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Understanding the Concept of the Barycenter
Every object has a center of mass. This center of mass is defined as the barycenter of the object. It is commonly also known as the center of gravity of the object. However, when we have a system of massive bodies i.e., two or more bodies, they also have a fixed center of mass or barycenter. This system orbits around the common center. In a system of bodies with identical masses, the barycenter lies directly in the center of the two bodies. However, in a system of bodies with unequal masses the center of mass lies close to the body with the greater mass. If one of the bodies is far greater in mass, the center may even lie within this massive body. This is important, as we will see in the next few sections when we look at the center of mass of the Solar System and of the Earth-Moon system.
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Center of Mass of the Solar System
We generally tend to agree with the notion that the planets revolve around the Sun. But what is actually happening is that the Sun and the planets are involved in a "cosmic dance" around a common center of mass. The Sun is the most massive object in the Solar System and contains over 99% of the mass of the Solar System.
The Sun is far more massive than all of the planets put together, because of this the barycenter of the Solar System is close to the surface of the Sun, and at times the center of mass is located within the Sun itself. The position of the planets is what determines whether the barycenter will be near the surface of the Sun or within the Sun. In particular, the two of the largest planets, Jupiter and Saturn, influence the outcome to a great extent.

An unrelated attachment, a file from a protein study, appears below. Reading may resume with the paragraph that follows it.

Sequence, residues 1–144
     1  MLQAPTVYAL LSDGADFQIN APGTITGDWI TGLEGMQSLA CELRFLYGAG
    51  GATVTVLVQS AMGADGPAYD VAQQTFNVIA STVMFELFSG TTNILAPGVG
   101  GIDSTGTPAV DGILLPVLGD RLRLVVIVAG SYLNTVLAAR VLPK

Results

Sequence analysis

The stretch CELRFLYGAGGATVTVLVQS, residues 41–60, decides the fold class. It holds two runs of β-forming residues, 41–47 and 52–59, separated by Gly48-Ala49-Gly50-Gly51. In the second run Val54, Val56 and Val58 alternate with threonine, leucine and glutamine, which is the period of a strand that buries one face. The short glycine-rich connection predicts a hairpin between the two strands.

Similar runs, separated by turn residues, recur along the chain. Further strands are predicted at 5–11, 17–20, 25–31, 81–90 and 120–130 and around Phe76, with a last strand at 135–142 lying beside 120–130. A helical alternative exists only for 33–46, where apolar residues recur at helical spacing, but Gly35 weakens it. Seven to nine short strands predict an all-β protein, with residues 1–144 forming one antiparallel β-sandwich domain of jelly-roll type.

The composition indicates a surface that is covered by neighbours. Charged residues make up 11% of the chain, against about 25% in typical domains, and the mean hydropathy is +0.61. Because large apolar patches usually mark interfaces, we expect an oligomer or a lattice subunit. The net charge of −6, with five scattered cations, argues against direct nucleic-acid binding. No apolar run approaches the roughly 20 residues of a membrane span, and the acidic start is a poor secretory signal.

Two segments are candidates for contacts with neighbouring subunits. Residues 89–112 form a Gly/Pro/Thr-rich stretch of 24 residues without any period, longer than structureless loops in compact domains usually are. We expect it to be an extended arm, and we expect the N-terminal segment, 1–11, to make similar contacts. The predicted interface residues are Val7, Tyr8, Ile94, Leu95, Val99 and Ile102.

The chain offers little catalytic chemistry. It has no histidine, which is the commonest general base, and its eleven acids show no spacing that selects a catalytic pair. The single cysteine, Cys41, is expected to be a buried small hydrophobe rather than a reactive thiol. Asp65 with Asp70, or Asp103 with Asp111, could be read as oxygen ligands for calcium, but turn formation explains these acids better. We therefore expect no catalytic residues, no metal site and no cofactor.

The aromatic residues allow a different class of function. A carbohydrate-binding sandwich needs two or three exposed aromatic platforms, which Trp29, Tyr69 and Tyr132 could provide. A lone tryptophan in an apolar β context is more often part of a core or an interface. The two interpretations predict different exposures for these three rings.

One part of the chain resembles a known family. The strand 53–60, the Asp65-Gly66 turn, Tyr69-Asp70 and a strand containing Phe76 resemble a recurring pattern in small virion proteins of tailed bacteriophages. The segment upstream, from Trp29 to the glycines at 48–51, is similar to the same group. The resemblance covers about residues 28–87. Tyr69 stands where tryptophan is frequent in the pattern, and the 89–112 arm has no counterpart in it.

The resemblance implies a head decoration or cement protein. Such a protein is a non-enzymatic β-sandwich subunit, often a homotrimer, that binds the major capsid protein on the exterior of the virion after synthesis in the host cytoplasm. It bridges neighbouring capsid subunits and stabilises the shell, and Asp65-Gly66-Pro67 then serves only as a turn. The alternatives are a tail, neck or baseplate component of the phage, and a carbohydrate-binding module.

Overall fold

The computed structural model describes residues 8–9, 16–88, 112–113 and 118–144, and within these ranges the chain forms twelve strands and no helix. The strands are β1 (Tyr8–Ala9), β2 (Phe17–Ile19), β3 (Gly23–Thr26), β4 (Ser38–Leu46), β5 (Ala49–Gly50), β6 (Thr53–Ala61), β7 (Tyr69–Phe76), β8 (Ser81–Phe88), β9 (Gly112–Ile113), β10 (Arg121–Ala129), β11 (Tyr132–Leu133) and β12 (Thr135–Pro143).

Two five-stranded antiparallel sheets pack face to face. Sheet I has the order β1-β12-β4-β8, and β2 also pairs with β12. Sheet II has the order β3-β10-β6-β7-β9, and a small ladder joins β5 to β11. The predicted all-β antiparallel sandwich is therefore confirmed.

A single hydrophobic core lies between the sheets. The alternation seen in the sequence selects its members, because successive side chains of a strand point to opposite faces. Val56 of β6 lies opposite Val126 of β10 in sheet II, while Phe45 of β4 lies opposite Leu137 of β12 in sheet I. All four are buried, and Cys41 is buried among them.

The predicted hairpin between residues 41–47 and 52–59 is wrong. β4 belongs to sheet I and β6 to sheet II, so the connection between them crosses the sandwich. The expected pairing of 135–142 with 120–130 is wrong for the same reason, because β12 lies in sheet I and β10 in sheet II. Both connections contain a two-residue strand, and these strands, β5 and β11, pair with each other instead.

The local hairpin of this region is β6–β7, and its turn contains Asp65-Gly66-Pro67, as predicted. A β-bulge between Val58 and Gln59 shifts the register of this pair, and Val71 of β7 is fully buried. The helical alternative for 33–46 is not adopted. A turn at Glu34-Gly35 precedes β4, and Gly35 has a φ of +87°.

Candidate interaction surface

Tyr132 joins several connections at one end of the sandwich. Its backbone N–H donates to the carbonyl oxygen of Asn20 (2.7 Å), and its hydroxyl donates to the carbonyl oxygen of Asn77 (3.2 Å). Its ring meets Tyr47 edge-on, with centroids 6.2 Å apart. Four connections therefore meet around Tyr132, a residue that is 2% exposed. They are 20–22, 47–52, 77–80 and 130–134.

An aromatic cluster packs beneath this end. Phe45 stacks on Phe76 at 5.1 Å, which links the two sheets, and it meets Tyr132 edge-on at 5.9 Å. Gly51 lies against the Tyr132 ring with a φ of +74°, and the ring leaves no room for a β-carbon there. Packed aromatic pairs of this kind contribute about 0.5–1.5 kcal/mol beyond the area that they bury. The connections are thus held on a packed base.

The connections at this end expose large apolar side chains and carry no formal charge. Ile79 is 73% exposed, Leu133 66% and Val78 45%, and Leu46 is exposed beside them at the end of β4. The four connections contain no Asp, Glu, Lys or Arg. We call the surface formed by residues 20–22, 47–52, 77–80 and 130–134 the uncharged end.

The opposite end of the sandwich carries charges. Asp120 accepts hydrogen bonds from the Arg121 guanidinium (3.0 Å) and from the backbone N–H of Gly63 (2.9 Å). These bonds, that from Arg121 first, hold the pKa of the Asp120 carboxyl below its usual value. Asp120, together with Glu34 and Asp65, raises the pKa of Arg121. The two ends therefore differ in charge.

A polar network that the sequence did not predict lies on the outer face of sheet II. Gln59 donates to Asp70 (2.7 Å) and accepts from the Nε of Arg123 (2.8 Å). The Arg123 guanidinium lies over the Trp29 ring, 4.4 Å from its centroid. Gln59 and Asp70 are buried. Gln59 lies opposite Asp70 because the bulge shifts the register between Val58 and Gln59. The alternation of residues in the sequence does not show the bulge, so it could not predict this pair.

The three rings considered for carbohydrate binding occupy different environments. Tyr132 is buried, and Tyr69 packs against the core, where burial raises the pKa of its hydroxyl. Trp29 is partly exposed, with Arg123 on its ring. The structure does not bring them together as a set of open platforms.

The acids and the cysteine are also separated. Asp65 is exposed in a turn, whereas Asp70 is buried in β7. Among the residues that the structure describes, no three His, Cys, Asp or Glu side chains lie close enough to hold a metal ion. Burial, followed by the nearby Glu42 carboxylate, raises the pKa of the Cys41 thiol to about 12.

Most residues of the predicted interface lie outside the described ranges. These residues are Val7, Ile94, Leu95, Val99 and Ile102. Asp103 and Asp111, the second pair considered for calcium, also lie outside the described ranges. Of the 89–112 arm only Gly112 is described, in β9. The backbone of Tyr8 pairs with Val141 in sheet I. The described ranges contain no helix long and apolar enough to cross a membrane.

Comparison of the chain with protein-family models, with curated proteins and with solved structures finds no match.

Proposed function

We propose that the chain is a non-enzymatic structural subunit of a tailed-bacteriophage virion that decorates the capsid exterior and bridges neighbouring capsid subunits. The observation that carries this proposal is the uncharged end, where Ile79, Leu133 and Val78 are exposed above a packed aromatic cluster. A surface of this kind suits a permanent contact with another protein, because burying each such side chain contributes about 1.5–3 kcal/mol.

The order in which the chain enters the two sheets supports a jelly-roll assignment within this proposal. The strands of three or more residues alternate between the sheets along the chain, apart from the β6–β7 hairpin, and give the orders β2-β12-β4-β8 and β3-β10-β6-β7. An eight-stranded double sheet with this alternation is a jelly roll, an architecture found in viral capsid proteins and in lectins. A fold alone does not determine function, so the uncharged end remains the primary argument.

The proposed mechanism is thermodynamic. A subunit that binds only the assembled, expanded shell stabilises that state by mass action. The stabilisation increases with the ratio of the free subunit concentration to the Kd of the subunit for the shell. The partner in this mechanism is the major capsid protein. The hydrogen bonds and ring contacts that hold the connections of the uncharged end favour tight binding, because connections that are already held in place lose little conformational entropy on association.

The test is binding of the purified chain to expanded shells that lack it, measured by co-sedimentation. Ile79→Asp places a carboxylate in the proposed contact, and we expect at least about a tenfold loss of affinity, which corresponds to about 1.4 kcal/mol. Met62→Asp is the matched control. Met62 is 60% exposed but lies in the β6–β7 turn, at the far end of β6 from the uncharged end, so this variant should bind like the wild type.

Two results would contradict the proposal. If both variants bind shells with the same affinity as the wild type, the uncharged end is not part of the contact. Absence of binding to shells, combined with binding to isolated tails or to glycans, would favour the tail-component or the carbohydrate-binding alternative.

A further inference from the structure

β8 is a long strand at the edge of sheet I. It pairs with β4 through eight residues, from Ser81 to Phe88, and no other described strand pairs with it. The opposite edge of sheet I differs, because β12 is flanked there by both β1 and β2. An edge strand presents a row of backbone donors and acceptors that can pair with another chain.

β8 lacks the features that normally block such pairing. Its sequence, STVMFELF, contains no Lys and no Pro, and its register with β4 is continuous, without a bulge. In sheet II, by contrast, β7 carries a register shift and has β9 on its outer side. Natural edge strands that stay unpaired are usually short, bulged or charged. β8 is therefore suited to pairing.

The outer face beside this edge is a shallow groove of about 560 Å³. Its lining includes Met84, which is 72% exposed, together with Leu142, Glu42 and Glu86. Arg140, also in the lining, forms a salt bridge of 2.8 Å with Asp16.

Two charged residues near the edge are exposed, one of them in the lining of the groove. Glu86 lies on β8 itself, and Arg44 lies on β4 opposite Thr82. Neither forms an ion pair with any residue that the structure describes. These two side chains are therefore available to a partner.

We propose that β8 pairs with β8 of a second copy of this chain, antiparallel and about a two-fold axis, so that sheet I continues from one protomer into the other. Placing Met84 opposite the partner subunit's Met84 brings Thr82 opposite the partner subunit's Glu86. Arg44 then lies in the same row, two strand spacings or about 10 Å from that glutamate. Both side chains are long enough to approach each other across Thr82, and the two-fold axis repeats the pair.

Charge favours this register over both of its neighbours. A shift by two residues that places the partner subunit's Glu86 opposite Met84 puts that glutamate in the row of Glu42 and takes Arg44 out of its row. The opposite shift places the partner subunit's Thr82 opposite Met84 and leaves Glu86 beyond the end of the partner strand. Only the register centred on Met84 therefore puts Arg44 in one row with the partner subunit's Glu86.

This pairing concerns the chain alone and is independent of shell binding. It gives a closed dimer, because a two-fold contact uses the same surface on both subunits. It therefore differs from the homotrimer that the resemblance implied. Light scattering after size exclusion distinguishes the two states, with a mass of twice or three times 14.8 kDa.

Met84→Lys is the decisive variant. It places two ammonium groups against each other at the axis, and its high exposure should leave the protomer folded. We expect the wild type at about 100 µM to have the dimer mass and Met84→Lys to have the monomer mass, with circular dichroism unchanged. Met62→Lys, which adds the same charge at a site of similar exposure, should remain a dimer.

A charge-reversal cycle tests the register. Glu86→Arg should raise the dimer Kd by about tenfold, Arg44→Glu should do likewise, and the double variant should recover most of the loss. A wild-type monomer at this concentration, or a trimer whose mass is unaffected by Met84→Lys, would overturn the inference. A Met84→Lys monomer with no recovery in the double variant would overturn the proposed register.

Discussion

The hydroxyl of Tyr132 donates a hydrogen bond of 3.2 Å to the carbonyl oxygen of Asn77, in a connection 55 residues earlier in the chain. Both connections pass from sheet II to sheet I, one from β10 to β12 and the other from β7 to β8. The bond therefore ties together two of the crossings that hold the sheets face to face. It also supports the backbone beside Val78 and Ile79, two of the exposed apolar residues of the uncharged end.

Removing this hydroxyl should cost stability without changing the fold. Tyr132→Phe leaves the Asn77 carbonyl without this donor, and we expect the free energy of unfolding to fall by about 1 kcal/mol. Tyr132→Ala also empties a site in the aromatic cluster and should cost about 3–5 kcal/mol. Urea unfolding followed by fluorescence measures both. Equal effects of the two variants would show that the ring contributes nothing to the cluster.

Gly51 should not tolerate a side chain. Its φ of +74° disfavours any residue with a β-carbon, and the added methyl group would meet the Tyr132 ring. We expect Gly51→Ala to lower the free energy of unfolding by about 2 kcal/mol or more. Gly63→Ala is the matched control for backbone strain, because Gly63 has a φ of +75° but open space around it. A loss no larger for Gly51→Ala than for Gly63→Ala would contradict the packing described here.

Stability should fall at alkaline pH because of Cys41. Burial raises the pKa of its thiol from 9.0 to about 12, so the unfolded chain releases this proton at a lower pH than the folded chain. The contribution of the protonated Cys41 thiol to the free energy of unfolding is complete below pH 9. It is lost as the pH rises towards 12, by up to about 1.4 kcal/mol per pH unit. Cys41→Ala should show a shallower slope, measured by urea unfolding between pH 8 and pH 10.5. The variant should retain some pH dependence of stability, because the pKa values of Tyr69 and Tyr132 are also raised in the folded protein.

Another thing to note is that if one of the objects in the system of bodies is far more massive, it will have a very small orbit around the barycenter, sometimes to the point of being barely visible. This is the reason why the Sun does not appear to move around a common center, but in reality it actually is. The Solar System barycenter forces depend upon the size of the bodies involved and the distance between them. Knowing these parameters we can calculate where the common center of mass will be.
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Just like the planets orbiting the Sun, moons orbiting planets also comprise a system with a center of mass. For the Earth-Moon system, the barycenter is located 1,710 km below the surface of the Earth. This is because the Earth is far more massive than the Moon and it is this common center of mass around which the Earth and the Moon seem to go around. The International Astronomical Union (IAU) does not consider the Earth-Moon system as a double-planet system, since the center of mass does not lie between them but rather within the Earth.
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A Method to Locate Planets
Astronomers are using the concept of the barycenter to locate new planets around stars outside our Solar System. The way this is done is that since a planet and its star orbit a common center and due to the star being more massive, the center of mass is located within the star itself. This actually causes the star to "wobble" in its path and it is this tell-tale signature of wobbling of stars that tells astronomers that a planet is causing the effect. Many extrasolar planets have been located around various stars in our own galaxy making the barycentric approach a useful and practical means of planet hunting.
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Image Credits: WikimediaCommons/Alcandre(http://commons.wikimedia.org/wiki/File:Triangle_barycentre.png)/Rubik-wuerfel(http://en.wikipedia.org/wiki/File:Solar_system_barycenter.svg)/EnEdC(http://commons.wikimedia.org/wiki/File:L4_diagram.svg)